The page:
Lessons from the Terra journey to the moon and back.
Hi! It’s George from Investorama. Welcome to the new joiners.
I wrote about Stablecoins earlier, and it deserves to be revisited following the demise of UST (Terra USD), the algorithmic stable coin from the Terra protocol.
It’s a rare opportunity for investors (across traditional and crypto markets) to witness the meteoric rise and fall of a project whose design was unsustainable. And there’s a lot for founders and marketers too.
Given what we know now, the main question about Terra is not what went wrong but what drove it to the moon.
To the moon and back
A quick recap of the story:
There are three key elements:
UST (stable coin)
Terra (blockchain) and its Luna token
Anchor lending and borrowing platform on Terra
Terra is a range of stable coins pegged to various currencies, but the main one was UST (USDTerra) pegged to the USD. It reached a market capitalisation of $40bn, then collapsed. Instead of relying on collateral, the peg was maintained by an algorithmic process.
(NB: I say Terra IS not WAS because the protocol is still alive, although worthless.)
Alongside Terra, there’s Luna.
To maintain the price of Terra, the Luna supply pool adds to or subtracts from Terra’s supply. Users burn Luna to mint Terra and burn Terra to mint Luna, all incentivized by the protocol’s algorithmic market module.
There was a whole Luna ecosystem of apps, but here we only need to know about the Anchor Protocol, where you can lend and borrow. Lending was incentivised, and you could earn a yield of 20% on your UST pegged to the USD.
(NB: I use the present, not the past, because the protocol is still alive, although worthless.)
Why was the total supply of UST worth $40bn? Because people decided to exchange $40bn worth of their assets in exchange for UST.
Why did it go to 0? Because it was backed by Luna, which was not backed by anything (I’m skipping the late attempt to add Bitcoin as collateral).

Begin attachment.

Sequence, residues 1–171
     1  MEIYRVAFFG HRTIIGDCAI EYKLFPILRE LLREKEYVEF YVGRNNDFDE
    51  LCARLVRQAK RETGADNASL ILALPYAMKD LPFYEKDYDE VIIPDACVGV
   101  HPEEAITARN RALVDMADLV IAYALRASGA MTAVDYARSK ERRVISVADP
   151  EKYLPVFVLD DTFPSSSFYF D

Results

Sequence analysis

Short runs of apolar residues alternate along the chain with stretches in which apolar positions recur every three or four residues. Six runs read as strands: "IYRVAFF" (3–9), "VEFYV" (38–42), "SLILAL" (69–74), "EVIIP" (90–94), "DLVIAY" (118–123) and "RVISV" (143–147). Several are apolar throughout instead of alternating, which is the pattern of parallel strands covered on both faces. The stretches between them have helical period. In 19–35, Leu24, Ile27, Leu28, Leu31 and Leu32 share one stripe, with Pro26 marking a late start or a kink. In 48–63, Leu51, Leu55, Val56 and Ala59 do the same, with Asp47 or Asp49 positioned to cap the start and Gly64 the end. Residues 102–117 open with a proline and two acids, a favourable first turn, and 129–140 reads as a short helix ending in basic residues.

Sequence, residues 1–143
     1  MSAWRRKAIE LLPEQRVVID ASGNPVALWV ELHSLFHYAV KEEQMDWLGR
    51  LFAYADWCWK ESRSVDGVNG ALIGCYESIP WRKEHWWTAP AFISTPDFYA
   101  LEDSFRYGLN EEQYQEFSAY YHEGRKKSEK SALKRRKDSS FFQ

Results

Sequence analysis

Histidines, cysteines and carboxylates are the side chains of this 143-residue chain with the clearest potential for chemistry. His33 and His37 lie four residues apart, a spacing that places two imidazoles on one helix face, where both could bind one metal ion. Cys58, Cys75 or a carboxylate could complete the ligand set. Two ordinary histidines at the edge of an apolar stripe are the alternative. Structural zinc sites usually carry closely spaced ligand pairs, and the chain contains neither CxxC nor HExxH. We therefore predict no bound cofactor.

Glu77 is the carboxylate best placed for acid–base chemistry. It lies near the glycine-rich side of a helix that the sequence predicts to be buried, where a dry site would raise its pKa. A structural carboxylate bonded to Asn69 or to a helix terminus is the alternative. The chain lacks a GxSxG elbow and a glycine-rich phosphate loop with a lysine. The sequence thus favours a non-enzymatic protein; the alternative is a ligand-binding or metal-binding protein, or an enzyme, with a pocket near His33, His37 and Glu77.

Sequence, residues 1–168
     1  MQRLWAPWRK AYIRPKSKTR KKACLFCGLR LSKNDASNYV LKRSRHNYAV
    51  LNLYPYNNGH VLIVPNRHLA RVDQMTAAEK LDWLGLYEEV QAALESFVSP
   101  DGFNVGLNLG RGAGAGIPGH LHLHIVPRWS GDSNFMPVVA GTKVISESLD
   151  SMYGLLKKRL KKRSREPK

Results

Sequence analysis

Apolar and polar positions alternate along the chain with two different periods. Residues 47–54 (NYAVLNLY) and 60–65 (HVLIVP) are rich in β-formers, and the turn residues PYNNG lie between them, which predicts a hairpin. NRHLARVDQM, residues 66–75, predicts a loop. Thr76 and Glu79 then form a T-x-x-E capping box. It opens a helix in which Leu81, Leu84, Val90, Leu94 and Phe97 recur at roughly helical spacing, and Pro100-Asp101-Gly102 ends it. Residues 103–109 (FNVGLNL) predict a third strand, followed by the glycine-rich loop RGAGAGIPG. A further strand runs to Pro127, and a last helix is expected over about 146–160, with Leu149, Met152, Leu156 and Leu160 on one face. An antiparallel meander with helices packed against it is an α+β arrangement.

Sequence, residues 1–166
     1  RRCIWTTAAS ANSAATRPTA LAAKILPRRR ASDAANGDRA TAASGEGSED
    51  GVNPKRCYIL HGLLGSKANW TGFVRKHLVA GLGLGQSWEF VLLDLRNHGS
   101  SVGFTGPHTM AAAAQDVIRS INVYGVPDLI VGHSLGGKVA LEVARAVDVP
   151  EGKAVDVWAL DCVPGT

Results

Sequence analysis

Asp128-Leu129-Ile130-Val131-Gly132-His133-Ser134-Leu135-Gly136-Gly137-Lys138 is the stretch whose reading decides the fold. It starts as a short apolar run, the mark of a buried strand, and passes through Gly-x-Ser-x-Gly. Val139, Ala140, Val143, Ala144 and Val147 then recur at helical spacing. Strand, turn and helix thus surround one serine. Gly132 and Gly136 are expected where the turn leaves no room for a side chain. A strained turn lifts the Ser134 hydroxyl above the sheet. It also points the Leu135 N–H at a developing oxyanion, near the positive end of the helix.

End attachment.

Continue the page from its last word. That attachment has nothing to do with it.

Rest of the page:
At its peak, the market capitalisation of Luna was $18 billion. It became the 7th largest crypto project for a brief moment
Were the investors Lunatics?
Yes, because that’s what they were called. Some even got a tattoo.
But no, they were not insane. We can all potentially be Lunatics.
It was not just '“dumb” money. VCs, successful investors like Novogratz (above), or the Head of Research for the popular Real Vision platform, Remi Tetot (below), all backed the projects.
The above tweet deserves a pause. It’s from the “Head of Research” of a platform where you can gain an understanding of the complex world of finance, business and the global economy. Yet, he had 100% of his crypto assets in one token, without any risk management.
The journey to the Moon
The rise of Terra is a case study in cognitive bias.
For Sam Bankman-Fried, the CEO of FTX, it’s a case of probably “bad marketing”.
It’s an interesting choice of words. Maybe it’s an attempt to criticise the project without alienating the community.
It’s the marketing that was bad. And by bad, we mean excessively efficient and impactful.
But that can’t be the whole picture. Marketing can help more users find a good product. It can slow the decline of an average product. But it can’t transform an idea into magic internet money. Only our brains can make it happen.
The most valuable lessons from Terra point to our cognitive bias. Although the overall crypto enthusiasm made it a fertile ground, these are not crypto-specific.
in “Thinking Fast and Slow”, Nobel Prize Winner Daniel Kahneman highlights cognitive biases that can be applied to the success of Terra:
What You See Is All There Is
Kahneman introduces the concept he terms What You See Is All There Is (WYSIATI).
This is often an optimistic bias, which makes us believe that what we have observed in the past will also work in the future without correctly assessing the risks or considering chance.
The user experience of UST from most of its history until May 2022 is a positive one. That includes mine (here are my transactions for transparency):
I exchanged GBP for UST via Transak, a fiat to crypto ramp embedded into the Anchor Protocol: lower fees and smoother experiences than any other on-ramp (the fees were subsidised)
I deposited UST in Anchor at around 20% APR
Then withdrew and convert back to fiat at par (until 9 May 2022)
It worked really well until it didn’t. I’m sharing my personal experience to emphasise the power of WYSIATI. I was fully aware of the nature of the protocol, and I placed a small sum which I withdrew safely at the first signs of nervousness. I did it partly as an experiment. But looking back, this was not a risk worth taking. I knew it was not worth it, but watching this very stable UST/USD chart and the 20% APR was irresistible.